Speed skating injuries can range from bumps and bruises to broken bones. There are a number of factors that make speed skating thrilling and dangerous:
- The speed at which participants move around the track: This means it only takes a slight misjudgement to cause a slip.
- The lack of space: This means that, if one skater is going down, usually a few more are going with them.
- The equipment: Sharp blades spell serious trouble if they come into contact with anything other than the ice.
- The environment: The ice is hard. The hoardings around the rink are also hard. Crashing into either is going to hurt.
What are the most common speed skating injuries?
- Bruises: Impact injuries are commonplace in speed skating. As mentioned above, crashing into the hoardings around the ice rink is going to hurt. So is taking a tumble onto the ice itself. Given the speed with which speed skaters fly around, it’s hardly surprising it doesn’t take much of a bump to cause significant bruising.
- Dislocations: Another common speed skating injury, thanks to the strain put on the knee and ankle joints, in particular, is dislocations. Whether you are pushing off, cornering or trying to slow yourself down, a lot of force travels through your legs when speed skating. This can cause problems, especially if you lose your balance. There is precious little time to brace your body for impact in a speed skating accident. This makes dislocations all the more likely should your feet suddenly give way beneath you on the ice.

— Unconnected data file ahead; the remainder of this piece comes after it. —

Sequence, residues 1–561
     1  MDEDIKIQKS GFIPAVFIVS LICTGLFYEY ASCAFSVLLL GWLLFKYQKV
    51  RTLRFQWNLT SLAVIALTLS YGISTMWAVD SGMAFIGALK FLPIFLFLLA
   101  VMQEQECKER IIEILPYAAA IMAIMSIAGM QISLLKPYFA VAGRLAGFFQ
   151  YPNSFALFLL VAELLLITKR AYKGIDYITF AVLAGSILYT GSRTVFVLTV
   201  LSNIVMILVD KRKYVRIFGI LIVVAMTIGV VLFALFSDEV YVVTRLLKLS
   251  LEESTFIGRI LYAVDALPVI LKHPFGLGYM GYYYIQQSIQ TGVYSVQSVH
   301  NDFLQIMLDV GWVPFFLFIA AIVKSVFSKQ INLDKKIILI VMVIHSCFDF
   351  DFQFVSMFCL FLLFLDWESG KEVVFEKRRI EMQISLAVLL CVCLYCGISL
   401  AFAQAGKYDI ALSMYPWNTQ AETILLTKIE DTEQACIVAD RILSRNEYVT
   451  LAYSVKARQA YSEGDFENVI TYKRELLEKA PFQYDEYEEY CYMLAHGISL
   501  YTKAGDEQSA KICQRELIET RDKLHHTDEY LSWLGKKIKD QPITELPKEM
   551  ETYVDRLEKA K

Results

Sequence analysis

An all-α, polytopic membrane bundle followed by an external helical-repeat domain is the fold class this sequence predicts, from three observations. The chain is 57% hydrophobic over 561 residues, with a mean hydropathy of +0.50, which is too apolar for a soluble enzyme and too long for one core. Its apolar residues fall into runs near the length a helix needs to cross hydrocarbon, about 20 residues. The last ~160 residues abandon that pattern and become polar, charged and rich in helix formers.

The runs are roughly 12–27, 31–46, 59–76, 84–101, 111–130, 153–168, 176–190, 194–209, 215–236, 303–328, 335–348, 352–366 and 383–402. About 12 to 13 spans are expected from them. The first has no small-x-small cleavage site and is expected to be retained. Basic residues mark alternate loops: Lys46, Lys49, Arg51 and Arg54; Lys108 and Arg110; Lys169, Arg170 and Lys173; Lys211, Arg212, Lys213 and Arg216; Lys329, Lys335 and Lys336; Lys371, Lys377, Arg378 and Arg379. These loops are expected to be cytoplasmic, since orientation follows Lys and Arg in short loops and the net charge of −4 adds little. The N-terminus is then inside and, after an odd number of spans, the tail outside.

- Cuts and lacerations: Few pieces of sports equipment pose as significant a threat to participant’s safety as speed skates. The blades are as sharp as a knife and will cut through most materials easily, especially the aerodynamic Lycra used in speed skating. Skates are particularly dangerous because of the lack of control you have over your movement in an accident. Flailing legs can very quickly turn a somewhat comical fall into a serious speed skating injury.
Making a claim
For public ice rinks, the responsibility for ensuring the safety of visitors falls with the owners. If you are hurt at an ice rink, you may be owed injury compensation. Call Accident Advice Helpline on 0800 689 0500 or 0333 500 0993 from mobiles for a no-obligation chat with our expert advisors to get your claim started.
Date Published: March 6, 2017
Author: Accident Advice